associated with journalist Linda Ellerbee
, but I think its origins go back to Lloyd Dobyns. Dobyns was the host of an irreverent NBC
in the early 70s
It was broadcast on Saturday nights, alternating with reruns of Johnny Carson, and its theme song was the opening riff to the Rolling Stones' "Jumpin' Jack Flash" - pieces of the "Weekend" logo would dance onto the TV screen and assemble as the riff faded. You knew you weren't in for the sober, serious newsing of (tick tick tick tick...) 60 Minutes. The show's title deliberately evoked Jean-Luc Godard's "interesting" late-60s film of the same name.
Dobyns needed an ending. Walter Cronkite had "And that's the way it is...", speaking from the authority of his chair as America's Favorite Newscaster; Chet Huntley and David Brinkley had the simple, humble "Good Night, Chet.", "Good night, David." - they had been #2 in the race, after all. Dobyns came up with:
"And so it goes..."
That was as groovy as you could get in those days, man.
The show became a cult favorite, and made a Stateside cult celeb of the spacy, loquacious Dr. Magnus Pike (long before he reached MTV fame, sampled, in Thomas Dolby's "She Blinded Me with Science"), and a cult villain of tenth-rate despot Jean-Bedel Bokassa, whose elaborate coronation was just too sick to ignore.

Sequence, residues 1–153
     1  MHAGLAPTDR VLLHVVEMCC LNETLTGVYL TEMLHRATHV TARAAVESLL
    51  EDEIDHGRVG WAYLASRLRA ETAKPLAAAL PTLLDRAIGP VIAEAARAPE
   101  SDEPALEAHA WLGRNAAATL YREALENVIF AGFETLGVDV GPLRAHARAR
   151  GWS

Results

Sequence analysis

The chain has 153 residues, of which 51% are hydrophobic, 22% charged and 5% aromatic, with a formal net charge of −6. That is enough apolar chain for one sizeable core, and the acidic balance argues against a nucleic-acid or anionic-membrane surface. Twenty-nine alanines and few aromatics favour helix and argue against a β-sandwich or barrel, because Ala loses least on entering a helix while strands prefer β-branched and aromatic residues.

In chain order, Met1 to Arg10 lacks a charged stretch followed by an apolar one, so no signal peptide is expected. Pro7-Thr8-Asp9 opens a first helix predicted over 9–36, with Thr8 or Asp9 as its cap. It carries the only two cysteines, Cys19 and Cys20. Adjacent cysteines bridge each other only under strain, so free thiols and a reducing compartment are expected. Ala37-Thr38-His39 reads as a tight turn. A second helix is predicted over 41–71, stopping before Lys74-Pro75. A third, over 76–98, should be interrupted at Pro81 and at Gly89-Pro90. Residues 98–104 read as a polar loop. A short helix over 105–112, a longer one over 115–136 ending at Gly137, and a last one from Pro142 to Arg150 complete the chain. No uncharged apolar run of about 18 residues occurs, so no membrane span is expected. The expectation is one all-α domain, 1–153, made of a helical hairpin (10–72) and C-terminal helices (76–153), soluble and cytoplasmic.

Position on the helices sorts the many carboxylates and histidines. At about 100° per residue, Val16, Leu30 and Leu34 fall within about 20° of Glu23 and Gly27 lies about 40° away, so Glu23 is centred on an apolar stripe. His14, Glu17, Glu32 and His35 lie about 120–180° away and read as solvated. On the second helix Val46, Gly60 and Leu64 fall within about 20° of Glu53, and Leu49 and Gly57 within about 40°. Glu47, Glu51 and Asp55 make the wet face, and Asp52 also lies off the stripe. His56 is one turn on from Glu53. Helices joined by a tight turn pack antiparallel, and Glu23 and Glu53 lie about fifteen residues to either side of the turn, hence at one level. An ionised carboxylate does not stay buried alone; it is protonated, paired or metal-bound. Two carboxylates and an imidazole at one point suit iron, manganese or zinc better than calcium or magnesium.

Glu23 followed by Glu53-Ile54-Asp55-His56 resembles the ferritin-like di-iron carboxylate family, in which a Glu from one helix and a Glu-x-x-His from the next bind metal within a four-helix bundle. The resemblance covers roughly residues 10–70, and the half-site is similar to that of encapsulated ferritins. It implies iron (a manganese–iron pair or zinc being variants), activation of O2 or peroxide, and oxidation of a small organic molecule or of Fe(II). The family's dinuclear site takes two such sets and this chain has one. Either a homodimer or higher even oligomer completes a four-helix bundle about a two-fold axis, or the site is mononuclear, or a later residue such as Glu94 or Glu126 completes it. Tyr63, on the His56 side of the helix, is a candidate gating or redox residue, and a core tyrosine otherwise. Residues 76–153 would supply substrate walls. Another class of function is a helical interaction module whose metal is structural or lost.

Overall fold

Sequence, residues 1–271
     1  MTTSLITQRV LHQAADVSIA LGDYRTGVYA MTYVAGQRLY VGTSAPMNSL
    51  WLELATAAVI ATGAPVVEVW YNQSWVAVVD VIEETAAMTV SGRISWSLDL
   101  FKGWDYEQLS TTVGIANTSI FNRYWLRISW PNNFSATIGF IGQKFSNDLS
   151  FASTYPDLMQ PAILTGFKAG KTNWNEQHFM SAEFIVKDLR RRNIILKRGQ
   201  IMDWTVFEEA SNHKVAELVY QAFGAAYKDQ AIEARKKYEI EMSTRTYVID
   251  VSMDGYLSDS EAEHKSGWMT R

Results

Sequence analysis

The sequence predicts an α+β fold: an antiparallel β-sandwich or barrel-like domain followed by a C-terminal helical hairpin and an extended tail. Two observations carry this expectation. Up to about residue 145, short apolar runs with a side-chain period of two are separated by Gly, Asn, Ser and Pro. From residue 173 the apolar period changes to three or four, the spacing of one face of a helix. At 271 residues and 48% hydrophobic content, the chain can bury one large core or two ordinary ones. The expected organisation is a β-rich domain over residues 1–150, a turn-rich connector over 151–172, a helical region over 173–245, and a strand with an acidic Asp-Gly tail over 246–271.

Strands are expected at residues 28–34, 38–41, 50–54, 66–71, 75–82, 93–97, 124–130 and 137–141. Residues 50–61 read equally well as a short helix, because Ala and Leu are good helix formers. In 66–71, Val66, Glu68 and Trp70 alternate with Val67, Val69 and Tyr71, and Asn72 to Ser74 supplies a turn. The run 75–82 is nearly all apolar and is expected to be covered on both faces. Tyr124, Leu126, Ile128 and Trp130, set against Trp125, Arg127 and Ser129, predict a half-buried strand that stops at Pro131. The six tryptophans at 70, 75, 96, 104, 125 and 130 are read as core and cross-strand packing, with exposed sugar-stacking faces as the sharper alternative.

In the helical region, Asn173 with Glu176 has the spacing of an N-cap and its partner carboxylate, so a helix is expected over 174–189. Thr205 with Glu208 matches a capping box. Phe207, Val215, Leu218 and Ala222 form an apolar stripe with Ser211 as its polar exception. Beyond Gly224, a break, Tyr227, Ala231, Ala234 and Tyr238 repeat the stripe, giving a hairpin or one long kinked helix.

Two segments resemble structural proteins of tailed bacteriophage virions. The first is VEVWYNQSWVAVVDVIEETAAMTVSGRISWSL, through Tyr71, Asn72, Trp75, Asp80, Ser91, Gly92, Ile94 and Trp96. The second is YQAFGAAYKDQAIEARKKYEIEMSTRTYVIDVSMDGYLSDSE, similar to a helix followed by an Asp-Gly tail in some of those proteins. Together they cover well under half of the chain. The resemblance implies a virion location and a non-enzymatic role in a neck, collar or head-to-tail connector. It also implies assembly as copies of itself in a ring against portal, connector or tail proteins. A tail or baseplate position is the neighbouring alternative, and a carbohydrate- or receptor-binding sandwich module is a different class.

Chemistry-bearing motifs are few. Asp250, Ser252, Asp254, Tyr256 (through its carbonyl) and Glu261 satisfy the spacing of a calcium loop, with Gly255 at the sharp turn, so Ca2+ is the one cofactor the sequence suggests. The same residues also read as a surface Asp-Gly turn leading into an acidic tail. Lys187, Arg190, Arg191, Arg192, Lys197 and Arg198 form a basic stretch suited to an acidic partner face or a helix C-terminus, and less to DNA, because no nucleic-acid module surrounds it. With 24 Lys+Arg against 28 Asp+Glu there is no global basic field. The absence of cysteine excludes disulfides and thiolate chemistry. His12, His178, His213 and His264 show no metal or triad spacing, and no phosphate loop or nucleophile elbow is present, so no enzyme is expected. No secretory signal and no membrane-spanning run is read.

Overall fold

When Saturday Night Live took the time slot, Weekend was shunted further into obscurity (appearing once a month... maybe), but eventually it received a prime-time slot (not on a weekend, IIRC) and an equally-irreverent co-host - Linda Ellerbee. The show was cancelled - irreverence, like satire, never seems to wow the Nielsen Families - and Ellerbee would take the phrase with her, first to NBC News Overnight (the predecessor to Later with Bob Costas), then to an autobiography, a newspaper column, and beyond. Dobyns surely smiles approvingly.
And so it goes...